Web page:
Meet Stella and Gerry Gilmore, the couple at the center of Bernard MacLaverty’s new novel, “Midwinter Break.” Originally from the north of Ireland, they have lived much of their adult lives in Scotland. They are empty-nesters. Their only child, Michael, has moved to Canada and started his own family. Michael’s absence — along with the traumatic events that accompanied his birth — have cast a shadow over the Gilmores’ marriage, a shadow they have never fully reckoned with. During the course of this sure-handed and captivating novel, they will finally be forced to do so.
Stella is a retired teacher and practicing Catholic who is searching for a way of living “a more devout life.” With her remaining years, she wants to “make a contribution, however small” to the world. The problem is that she’s not sure whether Gerry will be a part of this final act. A former architect and university professor, Gerry drinks too much and is given to making punning quips as a means of remaining emotionally disengaged from his life.
Gerry also mocks her faith, especially when he is inebriated. She has booked a long weekend in Amsterdam for them, in part, to decide whether there is a viable life for her outside of their marriage. Ostensibly a romantic getaway, the trip is actually an opportunity for Stella to visit the Begijnhof, one of the oldest enclosed courtyards in Amsterdam, which was once home to the Beguines, “a Catholic sisterhood who lived alone as nuns, but without vows.” Stella has aspirations of taking up residence there, but she learns that it’s not so simple. She can’t just leave Gerry and move into a life of piety and good works in one of the most desirable spots in Amsterdam.
MacLaverty’s novel is relatively short (240 pages), but it feels like a more expansive work because of its unhurried pace and careful attention to each moment of the Gilmores’ sojourn. (If you can, read it in real time, over three or four days, to give yourself a midsummer break from your own routine.) We accompany this couple not only to the Anne Frank House and the Rijksmuseum, but also into their deepest selves. It is an intimate book that makes wonderful use of the close third person. Here’s a passage in which Stella, remembering the early days of their courtship, conflates the stones from a beach with the illusions of falling in love:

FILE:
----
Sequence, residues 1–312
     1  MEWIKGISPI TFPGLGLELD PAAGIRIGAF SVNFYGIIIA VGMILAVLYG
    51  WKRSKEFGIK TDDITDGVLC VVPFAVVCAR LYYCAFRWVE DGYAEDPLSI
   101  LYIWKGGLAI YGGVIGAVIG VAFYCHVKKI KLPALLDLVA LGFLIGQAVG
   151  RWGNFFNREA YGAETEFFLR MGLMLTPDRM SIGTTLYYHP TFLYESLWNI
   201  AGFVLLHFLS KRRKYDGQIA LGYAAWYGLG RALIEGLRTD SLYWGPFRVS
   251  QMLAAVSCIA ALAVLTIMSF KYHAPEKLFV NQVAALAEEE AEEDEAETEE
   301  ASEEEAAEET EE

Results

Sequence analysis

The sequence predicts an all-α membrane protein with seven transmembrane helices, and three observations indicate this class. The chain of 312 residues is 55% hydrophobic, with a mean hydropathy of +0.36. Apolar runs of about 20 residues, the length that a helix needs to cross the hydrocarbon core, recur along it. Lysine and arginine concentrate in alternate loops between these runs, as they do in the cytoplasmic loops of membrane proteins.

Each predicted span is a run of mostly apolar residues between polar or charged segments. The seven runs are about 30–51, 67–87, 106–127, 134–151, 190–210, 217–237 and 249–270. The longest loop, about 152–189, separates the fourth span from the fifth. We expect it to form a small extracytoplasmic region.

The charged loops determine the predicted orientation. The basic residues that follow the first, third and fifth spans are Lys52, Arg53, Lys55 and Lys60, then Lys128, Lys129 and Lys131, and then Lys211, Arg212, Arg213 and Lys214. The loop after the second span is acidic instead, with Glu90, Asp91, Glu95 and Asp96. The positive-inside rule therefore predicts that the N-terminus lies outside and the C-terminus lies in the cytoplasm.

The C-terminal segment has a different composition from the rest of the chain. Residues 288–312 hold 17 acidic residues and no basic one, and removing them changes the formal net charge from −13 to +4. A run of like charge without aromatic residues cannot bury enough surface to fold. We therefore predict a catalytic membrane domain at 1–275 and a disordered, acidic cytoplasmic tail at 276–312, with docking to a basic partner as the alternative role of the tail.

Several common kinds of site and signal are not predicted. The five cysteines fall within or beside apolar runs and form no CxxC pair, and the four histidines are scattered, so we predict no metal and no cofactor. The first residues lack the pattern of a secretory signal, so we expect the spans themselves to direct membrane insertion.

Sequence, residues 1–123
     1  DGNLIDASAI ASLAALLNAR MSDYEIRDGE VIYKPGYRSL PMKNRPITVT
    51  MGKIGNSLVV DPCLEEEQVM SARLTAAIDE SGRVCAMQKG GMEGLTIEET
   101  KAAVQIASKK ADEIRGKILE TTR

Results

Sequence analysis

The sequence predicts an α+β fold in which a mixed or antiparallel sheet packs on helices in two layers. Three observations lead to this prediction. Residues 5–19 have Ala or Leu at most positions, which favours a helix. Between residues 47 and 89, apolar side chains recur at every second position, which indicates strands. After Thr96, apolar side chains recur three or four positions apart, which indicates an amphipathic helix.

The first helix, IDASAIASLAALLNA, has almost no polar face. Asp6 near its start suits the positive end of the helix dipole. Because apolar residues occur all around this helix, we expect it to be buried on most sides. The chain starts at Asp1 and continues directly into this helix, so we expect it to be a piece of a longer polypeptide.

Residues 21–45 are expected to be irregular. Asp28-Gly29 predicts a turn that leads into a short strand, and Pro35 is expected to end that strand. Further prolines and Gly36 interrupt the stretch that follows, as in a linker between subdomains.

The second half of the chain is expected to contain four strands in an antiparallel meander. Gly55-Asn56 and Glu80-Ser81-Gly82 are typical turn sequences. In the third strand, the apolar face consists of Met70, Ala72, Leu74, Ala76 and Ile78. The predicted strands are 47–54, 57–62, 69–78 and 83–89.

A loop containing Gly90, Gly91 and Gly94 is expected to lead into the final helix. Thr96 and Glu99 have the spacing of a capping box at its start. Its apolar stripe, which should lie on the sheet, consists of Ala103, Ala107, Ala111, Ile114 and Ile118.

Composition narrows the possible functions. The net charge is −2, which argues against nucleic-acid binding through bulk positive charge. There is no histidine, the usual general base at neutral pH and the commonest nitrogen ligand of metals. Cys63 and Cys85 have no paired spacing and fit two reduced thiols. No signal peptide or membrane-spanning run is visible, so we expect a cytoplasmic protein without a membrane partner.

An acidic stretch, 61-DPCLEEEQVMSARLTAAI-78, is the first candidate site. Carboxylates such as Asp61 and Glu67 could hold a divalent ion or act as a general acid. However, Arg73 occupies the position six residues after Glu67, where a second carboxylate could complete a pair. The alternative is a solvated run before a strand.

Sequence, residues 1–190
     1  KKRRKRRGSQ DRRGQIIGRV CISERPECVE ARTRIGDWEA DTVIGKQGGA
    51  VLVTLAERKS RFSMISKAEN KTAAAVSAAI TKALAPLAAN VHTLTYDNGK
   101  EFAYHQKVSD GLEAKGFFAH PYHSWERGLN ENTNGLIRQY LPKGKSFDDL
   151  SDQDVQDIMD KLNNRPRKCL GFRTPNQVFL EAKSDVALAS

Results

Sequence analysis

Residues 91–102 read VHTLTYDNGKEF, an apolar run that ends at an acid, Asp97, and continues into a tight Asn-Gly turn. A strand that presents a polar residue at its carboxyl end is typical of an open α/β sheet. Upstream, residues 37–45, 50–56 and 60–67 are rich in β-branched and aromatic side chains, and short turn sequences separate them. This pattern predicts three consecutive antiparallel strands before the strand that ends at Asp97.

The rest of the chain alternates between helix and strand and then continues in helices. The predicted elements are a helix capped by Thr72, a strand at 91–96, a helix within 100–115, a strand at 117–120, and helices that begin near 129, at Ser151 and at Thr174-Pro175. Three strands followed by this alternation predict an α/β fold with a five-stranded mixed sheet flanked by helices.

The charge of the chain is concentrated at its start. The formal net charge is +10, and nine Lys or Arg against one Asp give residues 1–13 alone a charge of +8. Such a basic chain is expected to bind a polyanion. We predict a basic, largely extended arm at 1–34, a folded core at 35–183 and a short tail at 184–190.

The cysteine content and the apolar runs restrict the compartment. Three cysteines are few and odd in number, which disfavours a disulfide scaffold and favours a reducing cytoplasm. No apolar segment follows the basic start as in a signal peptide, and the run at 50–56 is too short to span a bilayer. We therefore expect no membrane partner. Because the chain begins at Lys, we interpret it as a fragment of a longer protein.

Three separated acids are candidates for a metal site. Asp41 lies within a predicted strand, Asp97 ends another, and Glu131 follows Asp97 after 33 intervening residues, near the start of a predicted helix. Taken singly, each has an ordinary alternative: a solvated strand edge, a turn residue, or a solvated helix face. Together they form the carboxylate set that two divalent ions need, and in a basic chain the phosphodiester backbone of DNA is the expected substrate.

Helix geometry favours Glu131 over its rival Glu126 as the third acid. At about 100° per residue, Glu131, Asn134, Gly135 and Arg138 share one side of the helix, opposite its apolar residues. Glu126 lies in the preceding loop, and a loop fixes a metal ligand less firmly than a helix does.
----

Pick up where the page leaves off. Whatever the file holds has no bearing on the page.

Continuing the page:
“She was always on the lookout for stones. Only white perfect ones would make her stoop. . . . When they were wet and glistening they seemed special but she knew that when they dried out maybe some yellow or grey would creep into their colour. The perfect ones would end up in a glass bowl on her table. It was their simplicity she found so attractive.”
A restrained simplicity is also the stylistic hallmark of this novel. MacLaverty’s only missteps are his occasionally clumsy and largely unnecessary segues into flashbacks. The reader doesn’t need the hand-holding to jump into the past that still haunts Gerry and Stella. Those events, parceled out slowly in the narrative, are tied to the “Troubles” of the late 20th century: the murders and bombings that made daily life in Belfast and elsewhere in Northern Ireland so frightening.
This is familiar terrain for MacLaverty, whose 1983 novel “Cal” told the story of a terrorist accomplice who falls in love with a victim’s wife. A violent encounter is what prompts Gerry and Stella to move to Scotland; it is also one of the sources of their marital difficulties. Gerry’s drinking and Stella’s desire to live a life of faith are their respective means of coping with these experiences. MacLaverty manages to dramatize this without reducing his protagonists to mere casualties.
A carefully assembled structure of symbols and allusions gives “Midwinter Break” resonance and depth. The Netherlands was the birthplace of King William III (a.k.a. William of Orange), who deposed the Catholic King James II in the Glorious Revolution. The novel’s title refers to Christina Rossetti’s poem “In the Bleak Midwinter,” which imagines the nativity in a snowy northern landscape. And the snow that falls late in the book calls to mind James Joyce’s “The Dead,” in which a husband discovers a passionate secret his wife has kept from him.
Contemplating the mysteries that lie at the heart of every marriage, Stella thinks, “Nobody could peer into a relationship — even for a day or two — and come away with the truth.” It’s a measure of MacLaverty’s achievement here that he has done exactly that.
Jon Michaud is a novelist and the head librarian at the Center for Fiction.
By Bernard MacLaverty
W.W. Norton. 243 pp. $24.95